Thus much of my complete-surrender commitment. Now, about those lovely, clean, innocent years between 2002 and 2006. I asked the Lord to help me understand and memorize Scripture, and received more wisdom and ability than I could possibly have imagined. I knew, I loved, I delighted in those Scriptures. Each time I read the Gospels, my relationship to Jesus Christ was strengthened in a way I have attempted to write about, but which cannot be penned. Trust me—I just completed this exercise, and I think I’ve just about loosened the backspace and delete keys on my poor laptop! There was worship music always, and I immersed myself in everything from Don Moen to Michael W. Smith. I knew—oh, I knew!—the Holy Spirit, and I talked about Him constantly. If God told me to do something, I simply said so—there was no hemming and hawing about what other Christians might think, whether or not they were continuationists, or how this might impact my relationship with them.
At the moment, everything from armchair protector covers to ceiling fans has important associations for me. The same principle applied then, but the associations were only ever glorious. Now, I sometimes avoid eating both beef stew and chicken noodle soup because they carry connnotations of heartache. At that time, though, every food item, every article of clothing, every medication and piece of furniture and technological component and satchel and timepiece and cassette player and plant—everything!—either had no associations or filled me with joy. That old, worn-out computer chair from 1999? Why, I had sat in it while singing a song by Don Francisco. A thick piece of manila paper intended to be fit into the Perkins Brailler? It reminded me of a small miracle in which the Lord demonstrated His power. And every day was like this—every thought, every moment, every hour. It was all prayer without ceasing.
Were there difficult times? Oh, you must believe there were! For three months, I underwent painful procedures and an eventual surgery as the result of a hemorrhagic ovarian cyst. Sometimes, people said things that threatened what I knew in the Lord. Most of the time, I could pray against these, but even if I couldn’t, the disconcerting worries never lasted longer than three months—and I still understood that Jesus loved me. That was another thing—the faith that I had at that point was so filled with innocent hope that I would have thought nothing of sandwiching a song like “Jesus Loves Me” or “Isn’t He Wonderful?” between more “sophisticated” anthems like “I Can Only Imagine” and “Shout to the Lord”. And that sort of worship only intensified in 2004, when we all went through a deep emotional crisis that is too personal to print. I suffered along with everyone else, but in that glorious era, I knew it was nothing that an old-fashioned camp-meeting-style revival service couldn’t restore, or that a three-day fast couldn’t obliterate completely. Nothing is too difficult for our sovereign Lord, and I knew that with absolute certainty from 2002-2006.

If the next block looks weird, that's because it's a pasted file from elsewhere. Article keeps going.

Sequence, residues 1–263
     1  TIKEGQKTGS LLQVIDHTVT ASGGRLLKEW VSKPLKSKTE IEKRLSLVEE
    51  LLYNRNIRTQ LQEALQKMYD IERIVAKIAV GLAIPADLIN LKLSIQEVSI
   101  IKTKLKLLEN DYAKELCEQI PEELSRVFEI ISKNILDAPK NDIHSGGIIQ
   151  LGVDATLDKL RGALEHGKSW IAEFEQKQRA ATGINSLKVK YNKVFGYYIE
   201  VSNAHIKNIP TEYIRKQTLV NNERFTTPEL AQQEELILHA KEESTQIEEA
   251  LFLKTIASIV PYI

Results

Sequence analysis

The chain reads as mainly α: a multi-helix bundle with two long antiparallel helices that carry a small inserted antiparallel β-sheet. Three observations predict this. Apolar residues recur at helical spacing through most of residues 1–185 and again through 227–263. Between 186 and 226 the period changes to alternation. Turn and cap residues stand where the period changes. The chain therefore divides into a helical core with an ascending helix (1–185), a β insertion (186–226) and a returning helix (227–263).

Now then, my beloved reader, if you think you’re going to read that 2006 saw me turning to alcohol or some other substance, leaving my faith entirely, straying for some time, and eventually being restored to a love shakier than I had known before, you will be disappointed. None of that happened. Things did change in subsequent months and years, but not in the ways you might imagine. In Part II, if the Lord wills, I will recount what happened and what was apparently lost, the things I longed for but which I never thought I would have again. And then, in Part III, if the Lord so plans for this project, I will talk about 2013 and the beginning of my call to holiness, and 2014 with its promises of total restoration.
Addendum: The title is based on the song “You Alone” by Passion Worship Band—an early song of theirs, and with a delightful, anointed, congregational sound. I love part of the opening verse: “You have / Given me more than I could / Ever have wanted and I want / To give You my heart and my soul.” I discovered it in mid-2003 and immediately embraced it as mirroring my commitment of 2002.